Roger Alan Shipley
Oct 19, 1947 - Jul 19, 2019
Roger Alan Shipley
Oct 19, 1947 - Jul 19, 2019
Roger Alan Shipley was born in Akron, Ohio on October 19, 1947 and died on July 19, 2019 in Bellingham, WA. He graduated from Kenmore High School and Oberlin College. He received a tuition, board, and books scholarship from the Ford Motor Company Foundation. He met his wife of 50 years, Gayle Wilson Shipley, at Case Institute of Technology, and they were married on June 14, 1969 in the chapel at Oberlin.
For many years, Roger taught English and wood shop at the North Shore Country Day School (NSCDS) in Winnetka, IL. Theater was a passion, and he directed the stage crew at NSCDS, and founded, named and ran the Diller Street Theater.
Through the 1970’s and 80’s, he created a technical theater experience for his students. He designed and constructed sets, designed and hung lighting, and designed and silk-screened posters and programs for every show, except when he was guiding a student in the process. Shows included an annual Gilbert and Sullivan opera. During that time, he was also the technical director for the North Shore Theater Company, the Glenview Theater Company, and was half owner of the Pony Express Theater Company, which performed around the Chicago area.
Roger was immensely creative with a vast array of interests. He was an expert woodworker and cabinet maker, as well as a wood sculptor. He wrote poetry, short stories, and several unpublished science fiction books, including tales of his favorite intergalactic hero, Roderick Rocket. Later in life, he created contemporary political essays published under the pseudonym, the Willowbrook Curmudgeon, providing singular depth and clarity. Roger’s other creative projects included fly tying, building computer-controlled radio towers, chainsaw carving, building and flying model planes, and 3D computer modeling.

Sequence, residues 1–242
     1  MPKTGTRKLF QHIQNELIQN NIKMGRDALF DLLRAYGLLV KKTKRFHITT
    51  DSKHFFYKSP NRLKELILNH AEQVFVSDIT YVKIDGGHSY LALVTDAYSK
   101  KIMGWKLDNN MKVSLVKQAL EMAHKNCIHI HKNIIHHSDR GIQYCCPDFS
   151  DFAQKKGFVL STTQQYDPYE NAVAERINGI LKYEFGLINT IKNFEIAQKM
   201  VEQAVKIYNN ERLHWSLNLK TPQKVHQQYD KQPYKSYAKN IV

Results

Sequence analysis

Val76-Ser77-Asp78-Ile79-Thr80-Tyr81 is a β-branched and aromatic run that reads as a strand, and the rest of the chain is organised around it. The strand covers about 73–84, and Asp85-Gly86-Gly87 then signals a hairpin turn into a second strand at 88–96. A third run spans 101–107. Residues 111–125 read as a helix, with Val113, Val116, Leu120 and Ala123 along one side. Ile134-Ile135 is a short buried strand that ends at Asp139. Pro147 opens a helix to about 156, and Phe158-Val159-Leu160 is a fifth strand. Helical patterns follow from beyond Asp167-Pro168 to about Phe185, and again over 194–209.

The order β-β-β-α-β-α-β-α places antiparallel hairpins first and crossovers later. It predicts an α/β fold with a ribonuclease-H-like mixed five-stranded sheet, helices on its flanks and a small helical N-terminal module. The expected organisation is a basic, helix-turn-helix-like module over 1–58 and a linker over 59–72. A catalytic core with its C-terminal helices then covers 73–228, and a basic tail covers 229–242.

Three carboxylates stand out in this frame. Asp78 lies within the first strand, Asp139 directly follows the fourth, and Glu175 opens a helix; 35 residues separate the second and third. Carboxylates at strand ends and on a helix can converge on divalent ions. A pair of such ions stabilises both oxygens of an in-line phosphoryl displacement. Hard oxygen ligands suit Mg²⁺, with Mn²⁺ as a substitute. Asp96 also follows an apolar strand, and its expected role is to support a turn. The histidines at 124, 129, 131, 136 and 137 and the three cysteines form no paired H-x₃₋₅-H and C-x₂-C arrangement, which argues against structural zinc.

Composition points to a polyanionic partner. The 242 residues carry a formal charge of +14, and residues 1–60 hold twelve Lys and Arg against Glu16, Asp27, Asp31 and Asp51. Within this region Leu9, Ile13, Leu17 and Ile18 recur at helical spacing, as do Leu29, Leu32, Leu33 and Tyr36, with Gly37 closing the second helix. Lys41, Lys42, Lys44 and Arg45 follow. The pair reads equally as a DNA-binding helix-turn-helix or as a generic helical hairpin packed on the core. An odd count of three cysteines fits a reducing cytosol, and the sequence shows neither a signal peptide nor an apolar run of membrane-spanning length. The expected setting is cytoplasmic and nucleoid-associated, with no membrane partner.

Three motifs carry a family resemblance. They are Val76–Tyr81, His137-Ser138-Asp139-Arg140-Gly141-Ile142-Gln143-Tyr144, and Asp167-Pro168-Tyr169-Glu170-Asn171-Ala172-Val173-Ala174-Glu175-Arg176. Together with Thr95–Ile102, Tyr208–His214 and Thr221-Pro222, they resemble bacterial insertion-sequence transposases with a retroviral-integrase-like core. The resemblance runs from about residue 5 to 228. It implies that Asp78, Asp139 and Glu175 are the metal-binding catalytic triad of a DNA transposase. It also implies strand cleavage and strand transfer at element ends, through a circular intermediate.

For several years, he owned a cabinet shop in Northfield, IL, R.A. Shipley Furniture, and also launched Willowbrook Woodworks in Bellingham, WA. At Western Washington University in Bellingham, he served as the director of the Performing Arts Facility, taught stage-craft classes, and led students in building sets, working back-stage, and managing the box office.
Roger is survived by his wife, Gayle Shipley, of Bellingham, WA; his daughter, Amber Shipley and partner, J O’Malley; his son, Art Shipley and partner, Emma Kent; his brothers Gary Shipley, and John Shipley and wife Lori Shipley; his sister, Kathy Shipley and partner Jack Henry, as well as his aunt, Lillian Minor. Nieces and nephews include: Jessica Shipley and wife, Rhi Clark; Doug Shipley and wife, Julie Shipley; Kate Shipley and fiancé, Sam Richey; Meg Henry; and Christina Cassidy and husband, Sean Cassidy.
He was predeceased by his mother, Louise Irene Shipley; his father, Guy Elmer Shipley; and his grandparents, Harley and Cordie Sutter, and Raymond and Stella Shipley.
Roger was an Eagle Scout who worked high school summers at Camp Manatoc in Ohio and attended Philmont Scout Ranch in 1964 in New Mexico, his first trip to the mountains. Roger believed deeply in scouting as a means to develop character. He was Scoutmaster of Troop 4019 in Geneva, and presided over the 75th anniversary ceremonies of the troop in 2000.
Roger also was an amateur radio operator for most of his adult life, KA9NAH (now a silent key). In the 1980’s he taught himself electronics and physics so he could build his own home-designed and constructed satellite tracking equipment using computers of the day and electronics and other parts he salvaged, and he heard Owen Garriott aboard the Space Shuttle Columbia in 1983. In 2008, Owen’s son, Richard, confirmed contact of KA9NAH 250 miles up in space, going 17,000 MPH aboard the International Space Station – a highlight of Roger’s amateur radio career. In 2013, QST magazine published his article, “Microcontrollers – No Experience Necessary,” on programming Arduinos for use in amateur radio.
Later in life, Roger thought designing, constructing, decorating, and flying radio-controlled model airplanes were fun activities, and he built and decorated a number of sky-worthy foam-core planes. His last plane was a scale model of the First World War biplane, the S. E. 5, for which he designed and printed a cockpit and pilot with his 3-D printer.
Roger lived with a deep sense of integrity and a need for speaking the truth as he saw it. He loved his family fiercely. He took pride in his heritage and history. He spent his time making things, solving problems, thinking critically, being outdoors, and gathering with friends for Friday night fires.
A memorial service will be held at 2 PM on Saturday, September 7, 2019 at Moles Farewell Tributes on Lakeway Drive in Bellingham, WA. In lieu of flowers, please consider donations to the Nooksack Salmon Enhancement Association, The ARRL Foundation, or The Penfield Foundation.
- Date & Time: Sep 07, 2019 (2 PM)
Venue: Moles Farewell Tributes - Bellingham
Location: 2465 Lakeway Drive Bellingham, WA 98229